Nursing is more than delivering care; it involves patient advocacy as well. Because they have the most direct interaction with patients, nurses are in the ideal position to advocate for each one on an individual basis. The American Nurses Association (ANA) stresses the importance of patient advocacy in its Code of Ethics and lists three core values that form its basis: preserving human dignity, patient equality, and freedom from suffering. This three-part blog series will address each of these core values in turn.
Many RNs went into nursing in order to help others. From the patient’s perspective, managing or preventing suffering is one of the most important aspects of care. But how do we define suffering? What constitutes suffering for one patient may not be perceived in the same way by another. For nurses, viewing suffering as an individualized experience is an essential first step toward ensuring freedom from suffering.
There are two broad categories of patient suffering. The first stems from disease, diagnosis, and treatment. The second stems from breakdowns in the healthcare system and may include poor communication, excessive wait times, medical errors, or a poorly coordinated care transition. We should do everything we can to eliminate bad experiences for our patients.
We often think of suffering related to illness and treatment in terms of pain, nausea, or other physical ailments. Nurses have a variety of pain assessment tools and should be proactive about relieving physical discomfort. Not surprisingly, good pain management results in higher patient satisfaction scores.
But it’s clear that suffering can take on a mental, emotional, or psychological component as well—it is far more complex than pain.
Consider a patient who is suffering from extreme anxiety the night before a major surgical procedure. Anxiety is a nursing diagnosis that you might make based on increased blood pressure and/or heat rate, restlessness, and expressions of extreme fear or despair. If you’re not able to comfort the patient, for example, with information about the procedure or reassurances that he will be kept pain-free afterward, you could potentially alleviate his suffering by obtaining a physician’s order for an anti-anxietal drug or sleep aid.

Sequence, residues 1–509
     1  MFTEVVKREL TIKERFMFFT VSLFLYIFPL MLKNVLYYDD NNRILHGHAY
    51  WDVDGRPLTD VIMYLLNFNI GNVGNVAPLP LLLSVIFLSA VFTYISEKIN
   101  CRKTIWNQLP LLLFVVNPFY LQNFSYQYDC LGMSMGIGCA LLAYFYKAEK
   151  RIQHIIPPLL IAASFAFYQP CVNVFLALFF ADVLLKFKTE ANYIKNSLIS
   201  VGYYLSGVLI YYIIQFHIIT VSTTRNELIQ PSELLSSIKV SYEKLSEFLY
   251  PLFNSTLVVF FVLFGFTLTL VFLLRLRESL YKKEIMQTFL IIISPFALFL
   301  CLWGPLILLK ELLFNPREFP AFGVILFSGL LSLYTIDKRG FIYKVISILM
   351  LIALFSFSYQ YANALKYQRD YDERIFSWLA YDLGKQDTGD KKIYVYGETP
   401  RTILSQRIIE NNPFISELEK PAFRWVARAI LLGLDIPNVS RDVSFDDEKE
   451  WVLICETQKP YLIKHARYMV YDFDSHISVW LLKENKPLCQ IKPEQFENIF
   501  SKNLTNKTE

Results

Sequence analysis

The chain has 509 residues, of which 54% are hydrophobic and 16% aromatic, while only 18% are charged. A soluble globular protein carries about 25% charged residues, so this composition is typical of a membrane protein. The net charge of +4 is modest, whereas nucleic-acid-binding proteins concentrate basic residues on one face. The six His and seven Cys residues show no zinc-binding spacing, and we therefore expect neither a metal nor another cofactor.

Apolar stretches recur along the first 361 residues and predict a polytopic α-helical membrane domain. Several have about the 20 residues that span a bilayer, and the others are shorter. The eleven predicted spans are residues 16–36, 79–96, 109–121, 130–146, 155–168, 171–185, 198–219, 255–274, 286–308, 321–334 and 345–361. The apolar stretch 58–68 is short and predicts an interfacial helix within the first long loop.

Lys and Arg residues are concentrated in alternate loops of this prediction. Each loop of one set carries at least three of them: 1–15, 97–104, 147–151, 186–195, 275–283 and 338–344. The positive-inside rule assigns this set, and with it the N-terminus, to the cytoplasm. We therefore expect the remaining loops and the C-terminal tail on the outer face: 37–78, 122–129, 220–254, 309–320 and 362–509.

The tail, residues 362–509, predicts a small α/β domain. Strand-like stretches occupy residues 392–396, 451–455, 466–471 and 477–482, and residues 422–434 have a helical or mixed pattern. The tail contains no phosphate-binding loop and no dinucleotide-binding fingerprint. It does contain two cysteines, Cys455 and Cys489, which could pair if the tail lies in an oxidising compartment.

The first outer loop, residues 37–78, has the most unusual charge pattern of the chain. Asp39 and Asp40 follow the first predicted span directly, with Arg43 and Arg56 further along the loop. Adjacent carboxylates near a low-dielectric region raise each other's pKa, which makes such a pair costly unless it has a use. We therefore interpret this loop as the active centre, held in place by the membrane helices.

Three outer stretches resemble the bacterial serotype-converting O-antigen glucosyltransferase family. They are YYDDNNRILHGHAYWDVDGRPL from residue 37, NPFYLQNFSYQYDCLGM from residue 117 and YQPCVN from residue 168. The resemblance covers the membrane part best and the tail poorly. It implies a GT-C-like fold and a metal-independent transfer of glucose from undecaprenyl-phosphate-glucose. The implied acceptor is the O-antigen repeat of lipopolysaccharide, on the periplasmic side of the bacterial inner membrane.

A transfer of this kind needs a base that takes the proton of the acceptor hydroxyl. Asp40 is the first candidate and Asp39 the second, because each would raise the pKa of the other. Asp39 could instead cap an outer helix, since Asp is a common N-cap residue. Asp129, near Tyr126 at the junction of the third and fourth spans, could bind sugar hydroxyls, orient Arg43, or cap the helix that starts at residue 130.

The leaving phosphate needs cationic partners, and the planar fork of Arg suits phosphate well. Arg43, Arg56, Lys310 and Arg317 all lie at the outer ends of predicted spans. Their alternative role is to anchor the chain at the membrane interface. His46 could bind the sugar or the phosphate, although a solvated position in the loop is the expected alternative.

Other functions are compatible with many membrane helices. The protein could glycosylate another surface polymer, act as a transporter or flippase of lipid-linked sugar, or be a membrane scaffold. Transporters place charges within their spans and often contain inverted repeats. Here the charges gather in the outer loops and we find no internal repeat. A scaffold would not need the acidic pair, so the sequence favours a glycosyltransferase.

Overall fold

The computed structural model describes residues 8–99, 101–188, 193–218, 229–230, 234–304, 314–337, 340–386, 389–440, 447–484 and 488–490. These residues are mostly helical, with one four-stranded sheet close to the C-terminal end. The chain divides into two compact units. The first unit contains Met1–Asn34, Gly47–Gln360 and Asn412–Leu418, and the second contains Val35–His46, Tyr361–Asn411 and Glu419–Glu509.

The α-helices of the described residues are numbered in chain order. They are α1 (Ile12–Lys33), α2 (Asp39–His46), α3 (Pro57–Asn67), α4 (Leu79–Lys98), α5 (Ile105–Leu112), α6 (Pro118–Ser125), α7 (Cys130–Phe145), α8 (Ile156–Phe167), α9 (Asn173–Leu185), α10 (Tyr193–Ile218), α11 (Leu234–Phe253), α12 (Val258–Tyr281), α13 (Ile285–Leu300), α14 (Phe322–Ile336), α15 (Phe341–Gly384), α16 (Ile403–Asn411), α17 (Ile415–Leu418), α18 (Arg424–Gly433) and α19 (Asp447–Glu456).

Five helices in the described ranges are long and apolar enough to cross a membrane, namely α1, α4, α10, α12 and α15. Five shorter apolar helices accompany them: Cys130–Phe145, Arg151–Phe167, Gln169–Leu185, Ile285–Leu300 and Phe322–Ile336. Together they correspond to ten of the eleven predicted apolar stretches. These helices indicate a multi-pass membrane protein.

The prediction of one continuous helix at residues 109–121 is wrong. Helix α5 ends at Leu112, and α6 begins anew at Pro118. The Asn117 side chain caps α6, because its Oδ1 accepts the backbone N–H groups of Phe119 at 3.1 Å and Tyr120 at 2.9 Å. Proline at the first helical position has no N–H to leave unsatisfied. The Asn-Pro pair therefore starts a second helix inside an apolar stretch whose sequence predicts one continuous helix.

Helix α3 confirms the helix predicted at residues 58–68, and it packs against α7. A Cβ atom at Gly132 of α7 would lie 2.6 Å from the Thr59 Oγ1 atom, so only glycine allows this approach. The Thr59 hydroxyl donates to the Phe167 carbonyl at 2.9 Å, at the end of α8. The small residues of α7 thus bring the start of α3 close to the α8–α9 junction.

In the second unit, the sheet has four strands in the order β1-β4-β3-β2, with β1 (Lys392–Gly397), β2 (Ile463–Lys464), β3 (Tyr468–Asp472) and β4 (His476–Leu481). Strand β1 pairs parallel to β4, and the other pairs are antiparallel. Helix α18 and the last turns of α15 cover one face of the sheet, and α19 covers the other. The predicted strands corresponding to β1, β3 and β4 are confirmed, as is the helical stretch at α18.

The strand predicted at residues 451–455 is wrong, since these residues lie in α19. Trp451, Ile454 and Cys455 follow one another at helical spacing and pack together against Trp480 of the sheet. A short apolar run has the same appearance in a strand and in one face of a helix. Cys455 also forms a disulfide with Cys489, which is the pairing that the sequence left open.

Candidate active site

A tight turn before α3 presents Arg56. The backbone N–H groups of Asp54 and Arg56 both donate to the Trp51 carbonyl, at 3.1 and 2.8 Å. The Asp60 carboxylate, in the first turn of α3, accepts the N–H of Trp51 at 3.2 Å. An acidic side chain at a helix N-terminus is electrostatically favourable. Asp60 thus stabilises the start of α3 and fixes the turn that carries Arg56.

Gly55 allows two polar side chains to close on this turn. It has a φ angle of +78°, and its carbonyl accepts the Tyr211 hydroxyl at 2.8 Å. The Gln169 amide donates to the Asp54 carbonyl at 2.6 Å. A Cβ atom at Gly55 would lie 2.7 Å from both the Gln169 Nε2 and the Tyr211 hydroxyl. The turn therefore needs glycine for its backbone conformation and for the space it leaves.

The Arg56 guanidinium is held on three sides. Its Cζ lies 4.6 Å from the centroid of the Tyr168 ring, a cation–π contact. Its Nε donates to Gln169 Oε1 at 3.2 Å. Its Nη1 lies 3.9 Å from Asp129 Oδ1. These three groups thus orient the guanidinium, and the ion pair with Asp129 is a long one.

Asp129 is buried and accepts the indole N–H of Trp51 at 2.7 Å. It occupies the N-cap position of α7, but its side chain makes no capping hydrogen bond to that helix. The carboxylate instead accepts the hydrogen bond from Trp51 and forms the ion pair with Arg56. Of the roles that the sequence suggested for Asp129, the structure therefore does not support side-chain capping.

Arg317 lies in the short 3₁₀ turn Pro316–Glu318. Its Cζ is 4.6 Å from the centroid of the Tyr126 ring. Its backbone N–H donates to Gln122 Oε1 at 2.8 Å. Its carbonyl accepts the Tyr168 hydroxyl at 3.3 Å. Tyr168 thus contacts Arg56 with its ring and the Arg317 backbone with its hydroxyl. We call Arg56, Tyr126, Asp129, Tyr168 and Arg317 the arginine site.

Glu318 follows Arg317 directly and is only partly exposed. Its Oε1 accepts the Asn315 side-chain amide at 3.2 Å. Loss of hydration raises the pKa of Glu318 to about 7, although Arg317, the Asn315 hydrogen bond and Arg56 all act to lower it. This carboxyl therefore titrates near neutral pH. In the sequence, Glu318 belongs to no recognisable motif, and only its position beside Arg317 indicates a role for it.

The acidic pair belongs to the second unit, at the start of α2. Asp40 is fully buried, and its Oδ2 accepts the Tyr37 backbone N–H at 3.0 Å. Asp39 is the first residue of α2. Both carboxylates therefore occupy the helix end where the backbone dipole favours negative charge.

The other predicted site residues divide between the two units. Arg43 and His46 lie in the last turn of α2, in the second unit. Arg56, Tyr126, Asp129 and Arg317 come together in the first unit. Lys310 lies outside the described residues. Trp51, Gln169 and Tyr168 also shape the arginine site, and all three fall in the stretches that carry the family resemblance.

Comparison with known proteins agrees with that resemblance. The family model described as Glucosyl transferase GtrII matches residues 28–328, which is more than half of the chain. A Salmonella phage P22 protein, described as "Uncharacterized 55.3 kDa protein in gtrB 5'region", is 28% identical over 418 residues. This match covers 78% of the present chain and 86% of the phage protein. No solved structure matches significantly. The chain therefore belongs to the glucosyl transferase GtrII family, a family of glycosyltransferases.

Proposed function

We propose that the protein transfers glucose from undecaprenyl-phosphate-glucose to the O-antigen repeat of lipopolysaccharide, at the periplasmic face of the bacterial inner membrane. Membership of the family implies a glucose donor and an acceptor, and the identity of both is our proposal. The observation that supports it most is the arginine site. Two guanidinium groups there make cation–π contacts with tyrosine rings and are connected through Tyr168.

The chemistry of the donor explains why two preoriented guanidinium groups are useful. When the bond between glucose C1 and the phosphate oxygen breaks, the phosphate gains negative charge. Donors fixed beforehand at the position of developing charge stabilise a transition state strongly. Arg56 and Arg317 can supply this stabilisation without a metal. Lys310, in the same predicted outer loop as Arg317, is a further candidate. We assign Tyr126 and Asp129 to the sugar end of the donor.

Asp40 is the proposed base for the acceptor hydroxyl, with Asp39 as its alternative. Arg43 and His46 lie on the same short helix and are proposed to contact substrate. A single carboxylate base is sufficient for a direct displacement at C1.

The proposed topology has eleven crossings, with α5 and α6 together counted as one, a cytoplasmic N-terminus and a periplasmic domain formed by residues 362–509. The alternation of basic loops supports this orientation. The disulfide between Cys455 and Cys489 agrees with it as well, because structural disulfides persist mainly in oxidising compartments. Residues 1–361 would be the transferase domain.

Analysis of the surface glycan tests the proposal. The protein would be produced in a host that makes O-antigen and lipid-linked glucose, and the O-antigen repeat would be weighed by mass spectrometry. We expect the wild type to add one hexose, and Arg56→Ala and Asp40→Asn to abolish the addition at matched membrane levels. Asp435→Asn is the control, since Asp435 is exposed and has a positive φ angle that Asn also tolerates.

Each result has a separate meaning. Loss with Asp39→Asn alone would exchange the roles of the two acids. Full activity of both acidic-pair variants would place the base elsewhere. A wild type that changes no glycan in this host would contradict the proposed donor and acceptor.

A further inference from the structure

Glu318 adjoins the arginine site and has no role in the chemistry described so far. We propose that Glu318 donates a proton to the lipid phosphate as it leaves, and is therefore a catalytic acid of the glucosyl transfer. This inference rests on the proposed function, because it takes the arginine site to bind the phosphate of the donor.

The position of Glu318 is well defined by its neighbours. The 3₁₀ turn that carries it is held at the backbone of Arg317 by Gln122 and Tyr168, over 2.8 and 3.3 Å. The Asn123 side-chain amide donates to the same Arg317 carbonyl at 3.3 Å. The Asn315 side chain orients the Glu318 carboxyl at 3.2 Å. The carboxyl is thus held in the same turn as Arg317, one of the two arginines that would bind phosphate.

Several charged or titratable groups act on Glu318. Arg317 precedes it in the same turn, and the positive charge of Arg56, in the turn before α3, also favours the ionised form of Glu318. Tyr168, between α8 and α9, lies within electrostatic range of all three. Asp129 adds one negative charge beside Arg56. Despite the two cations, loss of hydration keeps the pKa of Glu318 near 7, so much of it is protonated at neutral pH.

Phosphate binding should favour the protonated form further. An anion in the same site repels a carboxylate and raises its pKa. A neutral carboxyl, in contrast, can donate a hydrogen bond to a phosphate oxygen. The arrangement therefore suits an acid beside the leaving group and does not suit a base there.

A patient hospitalized for a long time might suffer from loneliness, social isolation, or a feeling of powerlessness. A dedicated nurse might find ways to intervene, such as finding time to sit down for a chat; encouraging a family member to bring photos or other items from home; moving the patient to a lounge or garden when possible and appropriate; or making sure the patient has easy access to the phone, reading material, TV, etc.
Suffering in particular has been linked to end-of-life care. It is often managed through narcotics, palliative interventions, hospice, and counseling. Nurses are often issued broad standing orders when it comes to palliative care at the end of life, and should be ready to offer both pain relief and comfort – not only to patients but to family members who need an ear as well. Providing compassionate care at the end of life is a crucial nursing skill. It often means switching roles from providing aggressive treatment in an ICU or oncology unit to assertively managing symptoms and quality of life. It may mean advocating for the patient who expresses a desire to die at home, or helping family members cope with compassionately extubating a patient. Nursing has a holistic focus, so nurses should not focus entirely on the physical condition.
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